Environmental, social and governance concerns are competing with geopolitical and macroeconomic issues as major problems to be tackled by governments, corporates and individuals in Asia and around the world. The threat to the environment and public health of global warming ensures that the topic of rebuilding sustainable economies and businesses in a just and inclusive way is a constant theme at the top table of governments, regulators, corporates, banks and investors.
The speed at which a country, an industry, or a corporate has committed to hit net-zero targets may vary according to the sector in which a company sits or the level of a country’s reliance on fossil fuels, but there is no ambiguity to the size of investment needed to mitigate the effects of global warming. It is huge.
The flow of investment into ESG-themed funds is increasing, but into which areas of the market should those funds be directed and what do companies need to do to attract the finance they require to re-engineer businesses models and remain relevant in the new paradigm?
Against this backdrop, IFR Asia held its green and sustainable finance roundtable in June, bringing together a panel of experts to share their experiences of issuing – and facilitating the launch of – green, social and sustainability-linked debt and to discuss the development of ESG finance across the region.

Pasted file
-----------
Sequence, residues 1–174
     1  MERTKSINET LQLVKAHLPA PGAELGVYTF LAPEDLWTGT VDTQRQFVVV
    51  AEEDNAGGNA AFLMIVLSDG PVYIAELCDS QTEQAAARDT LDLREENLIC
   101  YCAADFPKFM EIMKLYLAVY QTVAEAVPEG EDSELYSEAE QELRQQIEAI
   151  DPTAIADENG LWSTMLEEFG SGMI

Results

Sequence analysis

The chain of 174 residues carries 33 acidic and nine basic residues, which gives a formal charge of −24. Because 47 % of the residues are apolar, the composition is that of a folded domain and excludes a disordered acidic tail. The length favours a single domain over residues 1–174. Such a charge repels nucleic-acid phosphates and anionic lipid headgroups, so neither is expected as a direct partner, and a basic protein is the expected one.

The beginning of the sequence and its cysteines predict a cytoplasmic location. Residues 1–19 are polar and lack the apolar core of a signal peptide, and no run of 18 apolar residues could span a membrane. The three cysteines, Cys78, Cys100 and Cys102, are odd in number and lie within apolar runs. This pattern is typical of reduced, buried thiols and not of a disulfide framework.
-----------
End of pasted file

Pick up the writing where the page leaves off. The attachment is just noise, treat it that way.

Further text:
Labelled bonds represent just 5% of the overall global bond market, but that ratio is changing fast: as it stands, ESG-themed bonds currently account for 15%–20% of new international bond issues from Asia Pacific. Countries and companies are vying with peers in efforts to attract the growing pools of green-tinted funds and investments under management to finance green and sustainable projects through ‘use of proceeds’ bonds, or the transition away from dirty, brown energy at the corporate level with sustainability-linked structures.
For those borrowers willing to establish frameworks and pathways to a sustainable existence there are benefits. It may take additional time and effort to establish the internal infrastructure to set, achieve and report progress against sustainable targets but doing so currently sees borrowers realise tighter pricing over conventional debt. Over and above today’s financial advantage from going green, however, communicating an ESG commitment is important in explaining a company’s long-term strategy and future viability to all stakeholders.
As ever, the path to net-zero and sustainability is not without obstacles and there are questions to overcome around the structures of ESG transactions, data and reporting, and the ever-present concern around company commitment and greenwashing.
To see any benefits, though, issuers must first be able to navigate the primary market.
The webcast is free to view, on-demand. Access it here.
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